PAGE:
Most people know that adding a good source of protein at meal and snack times helps keep you fuller longer. Protein takes longer to breakdown in the stomach and helps stabilize blood sugars so the empty stomach feeling and hormones that signal hunger are delayed. Including a regular serving of protein at each meal and snack is a smart strategy to reach and maintain a healthy weight.
Not many people are aware that eating a consistent amount of protein regularly throughout the day is important for muscle strength. The research studies while relatively new, have similar results. They each suggest that the average American’s dietary habit of eating too little protein at breakfast and lunch and then eating far too much at dinner is not an efficient method for building muscle during the early hours and is wasteful at the end of the day. If you are a young person home for the summer with the goal of bulking up for fall athletics, middle age and concerned that your muscles are converting to fat as you embrace your desk all day or an older adult who desires continued strength and independence, listen up to the following findings.
The University of Texas released a study where healthy adults were fed 90 grams of protein differently throughout the day.
Group 1: 30 gms protein breakfast, 30 gms protein lunch, 30 gms protein dinner
Group 2: 10 gms protein breakfast, 15 gms protein lunch, 65 gms protein dinner
Group 1 experienced 25% more muscle synthesis by providing the right mix of nutrition to promote muscle growth and repair during the earlier hours.
Finally, many of us eat far too much protein to be beneficial. Recommended daily protein intakes are:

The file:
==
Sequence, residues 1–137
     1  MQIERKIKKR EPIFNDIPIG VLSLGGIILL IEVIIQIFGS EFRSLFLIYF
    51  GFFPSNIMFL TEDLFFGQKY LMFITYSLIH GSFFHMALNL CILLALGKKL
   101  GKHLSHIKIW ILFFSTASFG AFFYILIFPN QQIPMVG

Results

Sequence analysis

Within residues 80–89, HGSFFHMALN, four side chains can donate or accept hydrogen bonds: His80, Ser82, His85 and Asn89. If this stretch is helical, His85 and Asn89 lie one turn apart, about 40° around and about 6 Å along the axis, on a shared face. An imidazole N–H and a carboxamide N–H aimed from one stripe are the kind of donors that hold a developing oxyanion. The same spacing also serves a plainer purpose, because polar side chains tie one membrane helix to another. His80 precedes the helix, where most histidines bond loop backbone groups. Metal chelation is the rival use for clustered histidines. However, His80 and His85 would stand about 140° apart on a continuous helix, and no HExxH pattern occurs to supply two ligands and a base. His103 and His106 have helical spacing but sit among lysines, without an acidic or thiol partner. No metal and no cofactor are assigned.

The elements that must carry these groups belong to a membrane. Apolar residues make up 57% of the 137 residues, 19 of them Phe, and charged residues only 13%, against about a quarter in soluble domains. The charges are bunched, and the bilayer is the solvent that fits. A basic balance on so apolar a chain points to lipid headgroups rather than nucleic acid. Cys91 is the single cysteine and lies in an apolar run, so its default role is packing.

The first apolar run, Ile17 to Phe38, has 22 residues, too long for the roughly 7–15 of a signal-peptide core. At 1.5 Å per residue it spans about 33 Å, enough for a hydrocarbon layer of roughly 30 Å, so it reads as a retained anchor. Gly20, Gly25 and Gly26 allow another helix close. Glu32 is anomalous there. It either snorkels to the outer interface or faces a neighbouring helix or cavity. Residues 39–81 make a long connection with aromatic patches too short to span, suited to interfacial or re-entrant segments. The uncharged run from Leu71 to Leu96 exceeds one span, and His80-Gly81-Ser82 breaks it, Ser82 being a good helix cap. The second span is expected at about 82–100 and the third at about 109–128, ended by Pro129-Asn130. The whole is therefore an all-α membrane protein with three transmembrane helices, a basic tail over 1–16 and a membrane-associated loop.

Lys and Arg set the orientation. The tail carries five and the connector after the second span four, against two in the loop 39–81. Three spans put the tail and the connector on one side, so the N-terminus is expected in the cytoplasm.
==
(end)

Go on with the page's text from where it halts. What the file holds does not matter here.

- Healthy adult: 0.8 grams/kg
- Endurance athlete: 1.2-1.4 grams/kg
- Resistance athlete: 1.6-1.7 grams/kg
A healthy adult weighing 160 pounds requires 58 grams of daily protein.
160 pounds divided by 2.2 pounds/kilograms x 0.8 grams/kg = 58
The average American consumes 90 grams of protein per day and would be better off balancing ½ their plate with more cost-effective fruits and vegetables. Just as a cup can hold only so much water, the same is true of muscle and protein. Too much protein may be burned as energy or worse, converted into fat when consumed in conjunction with too many calories.
Common Sources of Protein
|Food or Beverage||Serving||Protein (grams)|
|Lean Chicken, Turkey, Fish, Beef||3 ounces (Deck of cards)||21|
|Low Fat Cheese (or ¼ cup Low Fat Cottage Cheese)||1 ounce (Index Finger)||7|
|Low Fat Milk, Soy, Yogurt||1 cup||6 to 8|
|Beans, Peas or Lentils||½ cup (1/2 Baseball)||7|
|Peanut Butter||2 Tbsp. (2 Thumb Tips)||8|
|Nuts or Seeds||¼ cup||8|
|Whole Grain Pasta, Brown Rice or Potato||½ cup||3 to 5|
|Whole Grain Breads||1 slice or ½ bun||2-3|
Sample 75 gram Protein Menu
Breakfast: 6 ounces 100% orange juice, 1 cup whole grain cereal (4), 1 cup low-fat milk (8) OR 1 egg cheese omelet (13) and ½ cup mandarin oranges.
Midmorning Snack: 1 ounce low-fat string cheese (7) + 6 whole grain crackers (3) or low-fat Greek yogurt (12)
Lunch: 1 sandwich made from whole grain bread (4) with 1 ounces of meat (7) and 1 ounce low-fat cheese (7), grapes and water or healthy beverage to hydrate.
Midafternoon Snack: ¼ cup nuts (8) or yogurt smoothie with fresh fruit (8)
For More Research Try:
Dinner: 1 cup long grain rice (3), 3 ounces skinless chicken breast (21) 1 cup stir fry vegetables (3) and 1 cup berries.